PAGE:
*This article originally appeared in RVA Mag #36, on the streets now at all your favorite spots.
“The first time I feel like I really internalized what art was…” with that, Chris Visions begins the story of his first art teacher — his mother — sketching out a rose. The setting of the story was Visions’ grandmother’s kitchen, where Al Green filled the room. With couple of connecting lines showing him the magic of art, that was the day when Visions began to understand the fundamentals of illustrating objects in the natural world.
Now, it’s 2019. Visions and I are drinking orange juice in his private studio. We cover a wide range of subjects over the course of our four-hour conversation while he shows me his collection of journals and sketches. Having recently gained some fame in the world of graphic novel illustration, one thing is obvious: even if the world hasn’t completely realized it yet, Visions has the talent to place him alongside the giants in his field — Paul Pope, David Mazzuchelli, Jim Steranko, and other names that ring out in the world of comics.
And yet, somehow, he’s the most humble person in Virginia. He’s not one of those stereotypical, presumptuous art snobs you see lampooned so frequently. No, Visions is the kind of person who sees Kill Bill and Stanley Kubrick at the Byrd Theatre and gets Chinese food from China Panda on Sheppard Street. He likes Breaking Bad and Omar from The Wire. He loves his cats and a big cup of hot tea. In short, Visions is an artist people can relate to, and he creates art that is accessible to everyone.
Arguably, Visions is among the best cartoonists in America, and has one of the greatest imaginations in the galaxy. His style is a revolt against conventions. Every illustration he creates is fresh, unique, and powerful. Each piece he paints contains commentary on contemporary issues, while holding its pleasing aesthetic and avant-garde.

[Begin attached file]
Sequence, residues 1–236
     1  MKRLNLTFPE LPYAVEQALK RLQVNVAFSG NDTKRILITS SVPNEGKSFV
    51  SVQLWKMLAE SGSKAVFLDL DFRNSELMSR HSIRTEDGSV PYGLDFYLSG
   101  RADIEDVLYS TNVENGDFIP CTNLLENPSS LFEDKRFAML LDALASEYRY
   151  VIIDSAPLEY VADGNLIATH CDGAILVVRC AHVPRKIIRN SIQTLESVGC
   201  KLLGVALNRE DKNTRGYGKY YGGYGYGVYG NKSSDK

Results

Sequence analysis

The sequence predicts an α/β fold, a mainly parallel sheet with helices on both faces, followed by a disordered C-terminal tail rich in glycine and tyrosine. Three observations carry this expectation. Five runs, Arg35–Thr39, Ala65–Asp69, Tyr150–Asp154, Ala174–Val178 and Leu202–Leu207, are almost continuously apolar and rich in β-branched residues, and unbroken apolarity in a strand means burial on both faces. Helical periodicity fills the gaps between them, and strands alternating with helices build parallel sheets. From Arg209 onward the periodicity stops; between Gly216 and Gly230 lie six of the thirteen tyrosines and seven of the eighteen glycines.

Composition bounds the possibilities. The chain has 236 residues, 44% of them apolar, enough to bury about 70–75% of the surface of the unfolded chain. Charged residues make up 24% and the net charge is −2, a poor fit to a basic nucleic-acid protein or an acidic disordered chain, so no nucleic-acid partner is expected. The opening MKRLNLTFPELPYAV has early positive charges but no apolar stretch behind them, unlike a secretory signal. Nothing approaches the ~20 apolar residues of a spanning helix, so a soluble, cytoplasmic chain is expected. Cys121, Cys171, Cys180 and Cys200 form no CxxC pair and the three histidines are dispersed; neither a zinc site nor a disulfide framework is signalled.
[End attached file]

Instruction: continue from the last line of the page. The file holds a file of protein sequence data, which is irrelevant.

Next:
Visions is educated on his predecessors and their legacy in the art world. By mastering the techniques and methods of Sergio Toppi and Aaron Douglas, Visions has the insight and toolbox to create artistic narratives entirely unique to the 21st century. One example of his insight is his representation of Walter White, the lead character from Breaking Bad. Through his use of color and perspective, Visions shows the moral and ethical decay of the family man-turned-meth cook. What took five seasons to depict in televised form, Visions makes clear in the space of two illustrations.
The central elements of his work are the concepts of freedom to express oneself — the need for the human spirit to feel beauty, and the driving force of empathy in art. In that way, his work lies somewhere near the intersection of Richard Wright and Norman Rockwell. One masterpiece in Visions’ portfolio is a purple and black illustration of Amy Winehouse, blurring colors and showing the body’s movement to depict a supple, but symbolic, representation of the departed singer.
The future is bright for this young artist. His work on the Marvel comic Spider-Gwen, which provided some source material for popular animated Marvel movie Spider-Man: Into The Spider-Verse, gained Visions a lot of attention in the world of comics.
A little over a year ago, he underwent a corneal transplant, correcting damage to one of his eyes from a progressive disease that’s been with him since childhood. He was able to afford the surgery thanks to donations from fans, raising the necessary funds in less than 12 hours through a massively-successful social media campaign.
These days, he continues to sketch, maintaining a daily practice that he sees important for any aspiring artist. “I always get excited to see people are sketching,” he says. “It means they’re thinking.”
As 2019 gets rolling, Chris Visions continues to think, sketch, and create. Fueled by a love of music, laughter, and life, it’s only a matter of time before he brings his next masterpiece to the world.
Written by Matthew McDaniels and Marilyn Drew Necci